At the time of the writing and publication of “Hills Like White Elephants”, Hemingway was in the process of exiting his first marriage to wife Hadley Richardson, with whom he had his first child, Jack, and after their divorce, he converted to Catholicism, in order to marry his second wife, Pauline Pfeiffer, who was a devout Catholic with whom he had two more sons. In spite of a divorce from Pfeiffer and two more marriages, history documents that Hemingway remained Catholic, donating thousands of dollars to churches and making frequent pilgrimages to religious sites. He spent much time in countries of predominantly Catholic status: Cuba, Italy, France, and Spain. His Pulitzer Prize-winning novella The Old Man and the Sea can be studied from the viewpoint of an allegory of the Passion of Christ. Was “Hills Like White Elephants” some sort of statement on abortion or was it just a writing exercise on the dynamics of this one relationship?

In the nearly 100 years that have elapsed since the writing of “Hills Like White Elephants”, a lot has changed in America. Abortion is legal and “safe”, if the taking of a life can be considered safe. Political campaigns and elections are polarized by the issue of pro-life vs. pro-choice. Hashtags, the bumper stickers of today, are created and disseminated, both for and against abortion. Millions of dollars are spent each year on the research and development of contraception and fertility. Millions of dollars are spent each year on abortions and the repercussions of those which were less successful. Millions of dollars are spent each year on the legal battle of overturning vs. preserving Roe vs. Wade. Millions of prayers are offered each day for the end of abortion. its a child not a choiceFeminists want the message to be that women should have total control over what happens to their bodies. Their message is that women should have the choice of when to be pregnant, when to have a baby, when not to have a baby. When it is all said and done, they are right: it is a choice. It always has been, even in 1926 Spain. Except in the cases of domestic violence, rape, and incest, it is a choice before, during, and after. It is a choice. Choose carefully.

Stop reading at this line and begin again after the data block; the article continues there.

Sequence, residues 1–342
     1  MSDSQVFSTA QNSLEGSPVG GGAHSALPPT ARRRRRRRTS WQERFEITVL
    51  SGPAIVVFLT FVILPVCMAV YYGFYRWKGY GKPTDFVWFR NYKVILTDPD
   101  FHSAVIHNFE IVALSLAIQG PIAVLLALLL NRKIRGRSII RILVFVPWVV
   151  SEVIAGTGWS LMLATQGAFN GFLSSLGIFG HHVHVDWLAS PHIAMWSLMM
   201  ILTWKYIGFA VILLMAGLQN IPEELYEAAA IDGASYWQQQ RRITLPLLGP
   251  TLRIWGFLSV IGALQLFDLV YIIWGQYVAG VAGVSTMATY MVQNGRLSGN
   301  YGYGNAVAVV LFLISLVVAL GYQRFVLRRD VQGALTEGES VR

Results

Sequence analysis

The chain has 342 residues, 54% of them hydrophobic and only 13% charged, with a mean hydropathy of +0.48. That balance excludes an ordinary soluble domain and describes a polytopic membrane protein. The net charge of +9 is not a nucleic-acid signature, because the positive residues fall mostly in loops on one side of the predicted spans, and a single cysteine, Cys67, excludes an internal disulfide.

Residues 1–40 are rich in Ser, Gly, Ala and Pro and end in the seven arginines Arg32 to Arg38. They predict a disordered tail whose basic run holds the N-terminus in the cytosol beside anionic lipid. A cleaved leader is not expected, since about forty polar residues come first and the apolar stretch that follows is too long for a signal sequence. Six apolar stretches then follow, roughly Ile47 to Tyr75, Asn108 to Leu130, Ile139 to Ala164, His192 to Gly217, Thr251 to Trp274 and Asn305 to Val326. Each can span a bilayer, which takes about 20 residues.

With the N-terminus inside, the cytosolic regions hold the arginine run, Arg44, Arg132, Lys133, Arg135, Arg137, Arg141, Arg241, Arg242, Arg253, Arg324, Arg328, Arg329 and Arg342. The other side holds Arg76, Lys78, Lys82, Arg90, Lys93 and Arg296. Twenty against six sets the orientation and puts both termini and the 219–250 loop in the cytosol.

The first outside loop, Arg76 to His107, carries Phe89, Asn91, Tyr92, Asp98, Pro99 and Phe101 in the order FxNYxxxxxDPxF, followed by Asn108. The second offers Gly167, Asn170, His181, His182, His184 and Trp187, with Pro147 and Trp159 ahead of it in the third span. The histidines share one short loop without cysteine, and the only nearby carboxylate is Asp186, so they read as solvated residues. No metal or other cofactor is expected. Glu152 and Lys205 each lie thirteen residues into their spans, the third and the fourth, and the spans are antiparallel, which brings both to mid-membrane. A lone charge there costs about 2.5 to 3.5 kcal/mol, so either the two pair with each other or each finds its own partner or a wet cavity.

Color My World

Feb issue of Writer's DigestRecently I was reading the latest issue of Writer’s Digest magazine when I came across an interview with Drew Daywalt, who was featured on the cover. I had not yet heard of him (sorry, Mr. Daywalt) but the image of his two children’s books on the first page of the article caught my eye so I read on. Intrigued, I did a bit of research on him and found that he was also featured on one of my favorite websites, Nerdy Book Club. It didn’t take me long to get the 4-1-1 on Drew Daywalt.

By all accounts, Drew Daywalt has had quite a varied career, even at the current age of only 46. He graduated from Emerson College with a double major in screenwriting and children’s lit, leaving the door wide-open as to future plans. He headed to Hollywood with a friend after graduation, using his screenwriting degree to work for the likes of Disney, Universal, Quinton Tarantino, and Jerry Bruckheimer, a charmed life for sure. In 2003, with his wife pregnant with their first child, he sat down at his desk to write a children’s book. His goal was to write something that his kids could read some day, because his work so far had been in horror films, certainly not bedtime-reading material, even in Hollywood.